Problem Solving Tutorial
For most of the problems you will be required to read some data from the standard input (keyboard) and write your answers to the standard output (console). It is important to follow the input/output specifications EXACTLY. If your output is different from the correct by a single white space your solution will not be counted as ACCEPTED and you will be penalized.
Input and Output
If this is your first programming contest and you have decided to use C++, it is highly recommended that you use cin/cout for input and output. You will need to add the following lines to the top of your program to use cin/cout:
#include <iostream> #include <string> #include <other_stuff> using namespace std;
Supposing you wanted to read an int, a char, a word, and the entire next line, you could do the following:
int d; char c; string s1, s2; cin >> d >> c >> s1; getline(cin, s2); getline(cin, s2);
Note the first getline is necessary to ignore the rest of the first line, even if it's empty. Supposing you wanted to print them back out:
cout << d << " " << c << " " << s1 << endl << s2 << endl;
It's recommended that you use the Scanner class to do input with Java 5. You will need to add the following to the start of your code:
import java.util.*; import java.io.*;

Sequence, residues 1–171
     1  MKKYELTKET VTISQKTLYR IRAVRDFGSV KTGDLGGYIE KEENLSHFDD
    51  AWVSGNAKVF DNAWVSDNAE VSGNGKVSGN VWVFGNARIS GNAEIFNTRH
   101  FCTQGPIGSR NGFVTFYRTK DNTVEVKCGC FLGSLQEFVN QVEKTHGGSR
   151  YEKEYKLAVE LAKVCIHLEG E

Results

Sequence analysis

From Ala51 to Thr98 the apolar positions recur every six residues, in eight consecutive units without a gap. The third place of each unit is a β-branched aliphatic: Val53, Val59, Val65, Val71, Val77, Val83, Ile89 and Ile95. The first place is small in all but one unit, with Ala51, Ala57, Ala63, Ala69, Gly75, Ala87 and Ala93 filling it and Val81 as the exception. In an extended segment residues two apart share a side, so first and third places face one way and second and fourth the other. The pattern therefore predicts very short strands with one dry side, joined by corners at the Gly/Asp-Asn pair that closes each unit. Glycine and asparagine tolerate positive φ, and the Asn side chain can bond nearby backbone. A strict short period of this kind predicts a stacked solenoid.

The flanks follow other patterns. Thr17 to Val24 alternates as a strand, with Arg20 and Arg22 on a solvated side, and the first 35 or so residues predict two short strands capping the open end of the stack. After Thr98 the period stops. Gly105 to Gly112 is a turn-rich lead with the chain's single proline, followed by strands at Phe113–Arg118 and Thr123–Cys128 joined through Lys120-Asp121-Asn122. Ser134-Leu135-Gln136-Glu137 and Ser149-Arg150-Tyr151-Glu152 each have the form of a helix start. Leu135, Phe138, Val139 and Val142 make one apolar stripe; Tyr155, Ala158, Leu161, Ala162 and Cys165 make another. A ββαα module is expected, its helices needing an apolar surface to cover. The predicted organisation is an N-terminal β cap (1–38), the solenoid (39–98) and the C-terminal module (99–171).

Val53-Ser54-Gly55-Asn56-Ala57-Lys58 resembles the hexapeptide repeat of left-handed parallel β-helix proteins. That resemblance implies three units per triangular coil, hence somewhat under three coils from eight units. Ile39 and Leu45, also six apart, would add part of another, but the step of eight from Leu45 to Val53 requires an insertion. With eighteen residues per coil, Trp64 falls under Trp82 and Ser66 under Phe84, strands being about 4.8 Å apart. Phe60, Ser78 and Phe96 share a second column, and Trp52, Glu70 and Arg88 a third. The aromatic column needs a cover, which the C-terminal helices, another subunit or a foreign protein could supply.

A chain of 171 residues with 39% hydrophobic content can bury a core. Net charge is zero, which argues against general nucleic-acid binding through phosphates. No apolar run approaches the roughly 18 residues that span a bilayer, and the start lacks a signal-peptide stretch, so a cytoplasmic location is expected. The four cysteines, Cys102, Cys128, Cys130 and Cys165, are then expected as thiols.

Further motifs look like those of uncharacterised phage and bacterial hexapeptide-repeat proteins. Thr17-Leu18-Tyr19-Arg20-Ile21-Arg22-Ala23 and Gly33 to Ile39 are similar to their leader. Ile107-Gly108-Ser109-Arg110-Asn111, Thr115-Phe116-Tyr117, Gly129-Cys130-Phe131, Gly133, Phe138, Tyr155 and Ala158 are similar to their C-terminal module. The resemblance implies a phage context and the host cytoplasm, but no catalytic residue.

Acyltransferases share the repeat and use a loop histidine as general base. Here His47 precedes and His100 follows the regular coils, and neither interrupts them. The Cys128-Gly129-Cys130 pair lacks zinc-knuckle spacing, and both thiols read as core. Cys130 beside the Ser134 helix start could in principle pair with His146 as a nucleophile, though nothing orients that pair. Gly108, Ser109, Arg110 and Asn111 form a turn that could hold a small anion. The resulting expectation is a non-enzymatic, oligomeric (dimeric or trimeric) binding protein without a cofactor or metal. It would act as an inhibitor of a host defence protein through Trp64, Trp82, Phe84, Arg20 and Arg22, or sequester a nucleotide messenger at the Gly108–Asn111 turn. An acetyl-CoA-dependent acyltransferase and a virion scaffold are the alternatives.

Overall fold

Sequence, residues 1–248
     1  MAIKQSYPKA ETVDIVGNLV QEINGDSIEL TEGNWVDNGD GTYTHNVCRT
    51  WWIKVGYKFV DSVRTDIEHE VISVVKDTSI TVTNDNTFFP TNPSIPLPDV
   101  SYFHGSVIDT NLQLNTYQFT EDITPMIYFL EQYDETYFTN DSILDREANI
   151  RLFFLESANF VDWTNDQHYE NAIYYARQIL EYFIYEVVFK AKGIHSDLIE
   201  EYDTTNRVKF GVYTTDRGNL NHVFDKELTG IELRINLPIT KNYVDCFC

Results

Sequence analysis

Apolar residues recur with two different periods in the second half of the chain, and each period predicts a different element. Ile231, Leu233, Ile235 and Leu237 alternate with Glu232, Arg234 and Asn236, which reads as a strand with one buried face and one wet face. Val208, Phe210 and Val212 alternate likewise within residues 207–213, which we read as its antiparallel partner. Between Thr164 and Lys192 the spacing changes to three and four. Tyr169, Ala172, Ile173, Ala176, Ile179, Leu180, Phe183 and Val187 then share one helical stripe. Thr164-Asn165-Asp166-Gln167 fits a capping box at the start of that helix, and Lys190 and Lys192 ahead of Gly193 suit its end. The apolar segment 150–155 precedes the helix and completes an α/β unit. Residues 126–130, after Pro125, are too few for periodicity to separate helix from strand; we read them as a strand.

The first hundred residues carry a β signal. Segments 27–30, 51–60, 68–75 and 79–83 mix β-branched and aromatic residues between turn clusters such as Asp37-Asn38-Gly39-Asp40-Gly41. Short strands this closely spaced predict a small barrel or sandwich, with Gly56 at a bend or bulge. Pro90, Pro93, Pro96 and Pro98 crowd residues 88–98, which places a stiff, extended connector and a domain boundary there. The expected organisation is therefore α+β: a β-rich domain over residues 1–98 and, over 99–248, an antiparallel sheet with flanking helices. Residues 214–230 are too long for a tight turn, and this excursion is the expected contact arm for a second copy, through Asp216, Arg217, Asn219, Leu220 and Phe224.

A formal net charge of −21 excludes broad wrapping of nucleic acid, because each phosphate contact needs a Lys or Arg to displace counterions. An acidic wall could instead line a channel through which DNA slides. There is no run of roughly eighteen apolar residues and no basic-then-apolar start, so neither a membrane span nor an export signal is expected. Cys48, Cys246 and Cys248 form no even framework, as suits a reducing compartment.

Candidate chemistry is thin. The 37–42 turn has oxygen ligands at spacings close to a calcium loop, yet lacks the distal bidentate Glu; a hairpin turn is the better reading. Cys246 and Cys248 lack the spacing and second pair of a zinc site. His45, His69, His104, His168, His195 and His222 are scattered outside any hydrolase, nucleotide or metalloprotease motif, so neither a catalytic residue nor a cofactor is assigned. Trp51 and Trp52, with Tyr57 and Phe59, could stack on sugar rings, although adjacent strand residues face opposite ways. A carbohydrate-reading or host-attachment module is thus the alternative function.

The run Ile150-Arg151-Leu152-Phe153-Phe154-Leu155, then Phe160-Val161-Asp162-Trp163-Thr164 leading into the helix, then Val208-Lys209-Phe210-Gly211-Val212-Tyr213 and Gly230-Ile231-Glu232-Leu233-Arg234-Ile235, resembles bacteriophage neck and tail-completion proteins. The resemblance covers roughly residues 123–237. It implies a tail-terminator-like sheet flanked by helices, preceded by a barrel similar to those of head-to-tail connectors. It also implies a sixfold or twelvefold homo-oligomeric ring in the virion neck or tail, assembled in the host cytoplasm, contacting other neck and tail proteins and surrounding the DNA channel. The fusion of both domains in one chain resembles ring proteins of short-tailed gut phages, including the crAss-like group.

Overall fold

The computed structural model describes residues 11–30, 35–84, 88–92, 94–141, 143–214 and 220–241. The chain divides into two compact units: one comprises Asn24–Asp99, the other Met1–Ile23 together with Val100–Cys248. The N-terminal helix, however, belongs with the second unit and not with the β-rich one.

Before reading input with Java 5 you will need to create a Scanner object by adding this line to your main method:
Scanner in = new Scanner(System.in);
Supposing you wanted to read an int, a char, and a word, and the entire next line, you could do the following:
int d = in.nextInt(); char c = in.next().charAt(0); s1 = in.next(); in.nextLine(); s2 = in.nextLine();
Note the first nextLine is necessary to ignore the rest of the first line, even if it's empty. Supposing you wanted to print them back out:
System.out.println(d + " " + c + " " + s1); System.out.println(s2);
Use System.out.print("Blah") to avoid printing a newline.
C-style input and output can be used in both C and C++ programs. C-style input is somewhat more cryptic than cin/cout, but usually less verbose. You will need to add the line:
Supposing you wanted to read an int, a char, and a word, you could do the following:
int d; char c; char s1, s2; scanf ("%d %c %s\n", &d, &c, s1); gets(s2);
Note the final \n in the scanf format string is necessary to ignore the blank space and end-of-line character at the end of the first line. Otherwise, you will read a blank line in s2. Don't forget to use the address-of operator on scalar variables, and to allocate enough space for C-style strings.
Supposing you wanted to print them back out:
printf ("%d %c %s\n%s\n", d, c, s1, s2);
Check the C runtime library documentation for all the fun things one can do with printf and scanf format specifiers.